California Ambient Air Quality Standards (CAAQS)

This page reviewed November 24, 2009.

Air pollution harms the health of California citizens, damages agricultural crops, forests and other plants, and creates the haze that reduces visibility. A large body of scientific evidence associates air pollution exposure with a variety of harmful health effects. That's why the California Air Resources Board (ARB) and the U.S. Environmental Protection Agency (U.S. EPA) have adopted ambient (outdoor) air quality standards. These legal limits on outdoor air pollution are designed to protect the health and welfare of Californians. This site describes California's air quality standards, the air pollutants, and their harmful effects. For a complete listing of the pollutants and their associated standards check out our Ambient Air Quality Standards Chart. For more detailed information on specific pollutants with established California ambient air quality standards, click on the name of the pollutant in the list below.

Air Pollutants Having Ambient Air Quality Standards

Particulate Matter (PM10 and PM2.5)

Sulfur Dioxide (SO2)

Ozone (O3)

Visibility Reducing Particles

Nitrogen Dioxide (NO2)



Hydrogen Sulfide (H2S)

Carbon Monoxide (CO)

Vinyl Chloride

What is an ambient air quality standard?
Ambient air quality standards (AAQS) define clean air, and are established to protect even the most sensitive individuals in our communities. An air quality standard defines the maximum amount of a pollutant that can be present in outdoor air without harm to the public's health. California law authorizes the ARB to set ambient (outdoor) air pollution standards (California Health & Safety Code section 39606) in consideration of public health, safety and welfare. For a  brief history of standard setting, click here.

State and National Standards
The Federal Clean Air Act requires the U.S. Environmental Protection Agency to set outdoor air quality standards for the nation. It also permits states to adopt additional or more protective air quality standards if needed. California has set standards for certain pollutants, such as particulate matter and ozone, which are more protective of public health than respective federal standards. California has also set standards for some pollutants that are not addressed by federal standards.

Who is harmed by air pollution?
Studies have shown that the elderly and people with certain health conditions are more susceptible to the harmful effects of air pollution. Infants and children may also be more susceptible because they spend more time outdoors, are more active and have higher breathing rates. For more information, check out our Health and Air Pollution page.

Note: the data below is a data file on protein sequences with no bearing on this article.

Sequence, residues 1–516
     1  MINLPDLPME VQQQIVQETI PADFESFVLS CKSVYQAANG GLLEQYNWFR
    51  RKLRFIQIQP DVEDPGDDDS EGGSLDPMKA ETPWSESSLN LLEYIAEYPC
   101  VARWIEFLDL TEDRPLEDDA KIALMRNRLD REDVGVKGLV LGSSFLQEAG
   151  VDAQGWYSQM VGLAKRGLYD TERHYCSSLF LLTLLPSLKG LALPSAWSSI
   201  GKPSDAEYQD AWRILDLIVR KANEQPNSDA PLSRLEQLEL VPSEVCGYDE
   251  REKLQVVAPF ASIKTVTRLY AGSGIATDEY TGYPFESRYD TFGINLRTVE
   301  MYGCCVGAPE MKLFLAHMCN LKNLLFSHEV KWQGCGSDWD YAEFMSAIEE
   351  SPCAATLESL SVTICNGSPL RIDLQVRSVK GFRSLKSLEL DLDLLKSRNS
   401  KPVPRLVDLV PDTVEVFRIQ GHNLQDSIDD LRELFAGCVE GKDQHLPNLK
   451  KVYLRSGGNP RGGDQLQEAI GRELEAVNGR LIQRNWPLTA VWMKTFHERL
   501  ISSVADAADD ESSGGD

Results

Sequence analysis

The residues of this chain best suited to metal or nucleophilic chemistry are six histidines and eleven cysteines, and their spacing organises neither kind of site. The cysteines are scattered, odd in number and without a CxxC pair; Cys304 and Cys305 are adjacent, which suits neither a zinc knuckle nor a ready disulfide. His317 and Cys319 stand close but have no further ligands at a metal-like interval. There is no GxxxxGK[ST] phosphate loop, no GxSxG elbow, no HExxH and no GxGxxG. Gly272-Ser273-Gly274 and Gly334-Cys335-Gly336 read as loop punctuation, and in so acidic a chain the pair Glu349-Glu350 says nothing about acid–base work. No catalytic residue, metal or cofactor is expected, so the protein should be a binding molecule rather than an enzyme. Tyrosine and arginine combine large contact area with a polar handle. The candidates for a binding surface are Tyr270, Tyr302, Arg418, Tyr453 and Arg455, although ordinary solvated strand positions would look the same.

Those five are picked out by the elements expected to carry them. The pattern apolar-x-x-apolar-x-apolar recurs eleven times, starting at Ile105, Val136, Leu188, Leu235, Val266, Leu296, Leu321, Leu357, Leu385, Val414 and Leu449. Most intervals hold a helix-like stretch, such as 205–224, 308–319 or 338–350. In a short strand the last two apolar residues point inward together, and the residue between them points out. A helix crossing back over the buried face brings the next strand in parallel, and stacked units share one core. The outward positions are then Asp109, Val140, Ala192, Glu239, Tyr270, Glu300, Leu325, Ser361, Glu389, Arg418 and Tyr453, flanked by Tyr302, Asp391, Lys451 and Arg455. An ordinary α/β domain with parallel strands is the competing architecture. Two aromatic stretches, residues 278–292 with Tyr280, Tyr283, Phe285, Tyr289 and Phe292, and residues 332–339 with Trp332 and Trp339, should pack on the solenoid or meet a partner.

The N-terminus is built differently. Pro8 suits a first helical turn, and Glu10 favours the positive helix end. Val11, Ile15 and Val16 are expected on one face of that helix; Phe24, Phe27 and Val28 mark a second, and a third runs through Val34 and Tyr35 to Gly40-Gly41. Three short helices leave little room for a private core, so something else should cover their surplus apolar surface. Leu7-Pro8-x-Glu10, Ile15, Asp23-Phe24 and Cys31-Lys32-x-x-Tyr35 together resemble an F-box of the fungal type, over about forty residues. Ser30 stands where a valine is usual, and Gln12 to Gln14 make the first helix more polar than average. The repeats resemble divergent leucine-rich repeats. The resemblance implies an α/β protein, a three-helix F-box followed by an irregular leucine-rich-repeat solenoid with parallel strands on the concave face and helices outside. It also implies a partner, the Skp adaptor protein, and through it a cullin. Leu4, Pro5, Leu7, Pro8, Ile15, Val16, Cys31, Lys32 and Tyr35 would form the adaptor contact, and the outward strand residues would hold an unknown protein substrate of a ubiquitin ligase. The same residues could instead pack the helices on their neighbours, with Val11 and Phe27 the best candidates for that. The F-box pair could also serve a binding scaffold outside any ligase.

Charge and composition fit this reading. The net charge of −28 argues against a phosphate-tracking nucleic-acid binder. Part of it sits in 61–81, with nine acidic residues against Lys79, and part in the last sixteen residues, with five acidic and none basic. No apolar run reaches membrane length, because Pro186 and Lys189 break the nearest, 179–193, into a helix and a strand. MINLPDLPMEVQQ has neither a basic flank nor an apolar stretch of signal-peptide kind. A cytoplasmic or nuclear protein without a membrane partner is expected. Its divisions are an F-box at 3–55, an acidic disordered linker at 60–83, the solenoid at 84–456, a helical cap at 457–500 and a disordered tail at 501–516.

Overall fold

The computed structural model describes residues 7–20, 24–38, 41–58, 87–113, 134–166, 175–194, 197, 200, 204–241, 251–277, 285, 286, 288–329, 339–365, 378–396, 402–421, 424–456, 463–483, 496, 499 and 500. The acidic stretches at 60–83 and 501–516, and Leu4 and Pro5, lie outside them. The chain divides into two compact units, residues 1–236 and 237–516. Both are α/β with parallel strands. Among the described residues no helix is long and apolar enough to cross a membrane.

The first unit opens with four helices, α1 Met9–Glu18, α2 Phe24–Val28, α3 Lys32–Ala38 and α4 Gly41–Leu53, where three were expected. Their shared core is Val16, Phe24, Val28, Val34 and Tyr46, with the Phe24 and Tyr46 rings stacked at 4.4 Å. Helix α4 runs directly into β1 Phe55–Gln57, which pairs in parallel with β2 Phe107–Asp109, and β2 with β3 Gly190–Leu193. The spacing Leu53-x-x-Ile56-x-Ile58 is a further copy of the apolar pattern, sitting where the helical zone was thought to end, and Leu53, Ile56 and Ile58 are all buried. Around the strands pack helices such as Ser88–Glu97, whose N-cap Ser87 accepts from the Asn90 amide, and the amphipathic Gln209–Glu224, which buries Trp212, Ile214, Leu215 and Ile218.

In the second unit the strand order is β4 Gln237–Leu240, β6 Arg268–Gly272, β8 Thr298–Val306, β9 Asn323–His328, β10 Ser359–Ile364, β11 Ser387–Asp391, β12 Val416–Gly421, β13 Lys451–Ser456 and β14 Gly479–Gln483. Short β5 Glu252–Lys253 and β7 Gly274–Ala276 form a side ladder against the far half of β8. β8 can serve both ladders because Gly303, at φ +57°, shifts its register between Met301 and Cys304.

How are ambient air quality standards set?
The Children's Environmental Health Protection Act (CEHPA, California Senate Bill 25, Escutia, 1999) required the ARB and Office of Environmental Health Hazard Assessment to evaluate all ambient air quality standards by December 2000 to determine whether these standards adequately protect human health, particularly that of infants and children. The CEHPA also required staff to prioritize those standards found to be inadequate for full review and possible revision. The evaluation found that health effects may occur in infants, children, and other potentially susceptible groups exposed to pollutants at levels near several of the current standards, with PM10, ground-level ozone (O3) and nitrogen dioxide (NO2) receiving the highest priority for review and possible revision.
In June of 2002, staff completed a review of published studies on the health effects of particulate matter and sulfates, the highest priority pollutant. The ARB adopted staff recommendations for revisions to the PM10 standard and established a new PM2.5 annual standard. For more information regarding the PM and Sulfates Standards Review, please follow the link to the PM Standards Review. Staff also reviewed the published scientific literature on ground-level ozone and nitrogen dioxide and subsequently recommended revisions to standards for these two pollutants. The revised standards for ozone and nitrogen dioxide went into effect on May 17, 2006 and March 20, 2008, respectively. Please follow these links for more information about the Ozone Standard Review and the Nitrogen Dioxide Standards Review
Over time, the lower priority ambient air quality standards will be reviewed as well. Regulations also require the review of standards whenever substantial new information pertaining to ambient air quality standards becomes available, and at least once every five years.

Attainment of Air Quality Standards
View state and federal designation maps indicating which geographical areas do or do not meet air quality standards.

For more information on Ambient Air Quality Standards please contact
Dr. Linda Smith at (916) 327-8225.